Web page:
Prevention of secondary hyperparathyroidism is achieved through the avoidance of the causing etiologies. Chronic kidney disease is prevented through aggressive management of hypertension, diabetes, and other conditions that predispose to kidney injury.
Decreasing phosphorus intake and the use of phosphorus-binding drugs help in the prevention of secondary hyperparathyroidism. However, phosphorus binders containing aluminium are not recommended because of their toxicity to the skeleton .
Secondary hyperparathyroidism may develop due to different etiologies, including decreased kidney function, vitamin D deficiency or failure to activate its bioactive form, and impaired phosphate excretion. These changes result in dysregulation of calcium and phosphorus homeostasis, which leads to increased levels of serum phosphorus and phosphatonin fibroblast growth factor 23 (FGF-23), as well as decreased synthesis of the active form of vitamin D. This results in parathyroid hyperplasia and overproduction of the parathyroid hormone (PTH) from the parathyroid glands .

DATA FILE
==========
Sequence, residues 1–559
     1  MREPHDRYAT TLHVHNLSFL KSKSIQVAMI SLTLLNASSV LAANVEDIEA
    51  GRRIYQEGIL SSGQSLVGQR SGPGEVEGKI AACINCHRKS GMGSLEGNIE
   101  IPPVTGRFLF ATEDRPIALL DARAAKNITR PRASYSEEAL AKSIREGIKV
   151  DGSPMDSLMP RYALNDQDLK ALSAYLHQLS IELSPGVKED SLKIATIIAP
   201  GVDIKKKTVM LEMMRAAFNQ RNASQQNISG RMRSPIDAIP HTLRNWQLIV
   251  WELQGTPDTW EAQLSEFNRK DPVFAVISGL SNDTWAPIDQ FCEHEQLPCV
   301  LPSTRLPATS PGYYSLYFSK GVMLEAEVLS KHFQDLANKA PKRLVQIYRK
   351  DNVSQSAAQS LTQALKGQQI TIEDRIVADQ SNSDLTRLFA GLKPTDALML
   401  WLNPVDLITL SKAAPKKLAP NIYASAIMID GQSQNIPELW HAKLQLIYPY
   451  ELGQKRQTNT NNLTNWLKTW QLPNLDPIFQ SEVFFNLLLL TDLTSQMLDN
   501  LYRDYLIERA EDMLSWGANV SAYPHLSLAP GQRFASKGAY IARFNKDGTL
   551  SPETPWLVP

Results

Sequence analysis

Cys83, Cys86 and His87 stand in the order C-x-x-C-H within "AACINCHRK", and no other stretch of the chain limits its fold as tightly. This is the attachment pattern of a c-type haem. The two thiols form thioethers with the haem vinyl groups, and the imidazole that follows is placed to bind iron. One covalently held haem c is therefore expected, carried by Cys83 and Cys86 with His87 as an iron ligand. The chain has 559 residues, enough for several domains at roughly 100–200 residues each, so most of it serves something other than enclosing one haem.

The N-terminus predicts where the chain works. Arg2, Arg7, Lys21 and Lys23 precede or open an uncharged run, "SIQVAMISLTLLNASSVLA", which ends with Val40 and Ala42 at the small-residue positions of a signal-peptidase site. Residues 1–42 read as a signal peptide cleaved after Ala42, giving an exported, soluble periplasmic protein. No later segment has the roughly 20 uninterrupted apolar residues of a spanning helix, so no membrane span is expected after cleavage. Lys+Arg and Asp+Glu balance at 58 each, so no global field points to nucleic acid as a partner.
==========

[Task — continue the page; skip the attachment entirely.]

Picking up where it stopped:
The clinical features include neuromuscular symptoms, bone pain and bowing in children due to vitamin D deficiency, and other signs related to the chronic kidney disease such as edema, fatigue and nausea.
Parathyroid hormone, calcium, and phosphorus levels are measured using laboratory studies. Examination will reveal high levels of the parathyroid hormone and different levels of calcium and phosphorus depending on the underlying etiology. Radiographic studies may be used to evaluate bone damage and involvement; however, they are rarely used for the parathyroid glands themselves in cases of secondary hyperparathyroidism.
Secondary hyperparathyroidism is usually treated medically with no need for surgical intervention, except in cases of medical treatment failure, where parathyroidectomy may be considered as an option.
The prognosis is good in patients who are managed successfully with medical treatment. Patients who undergo parathyroidectomy carry a 10% risk of recurrence.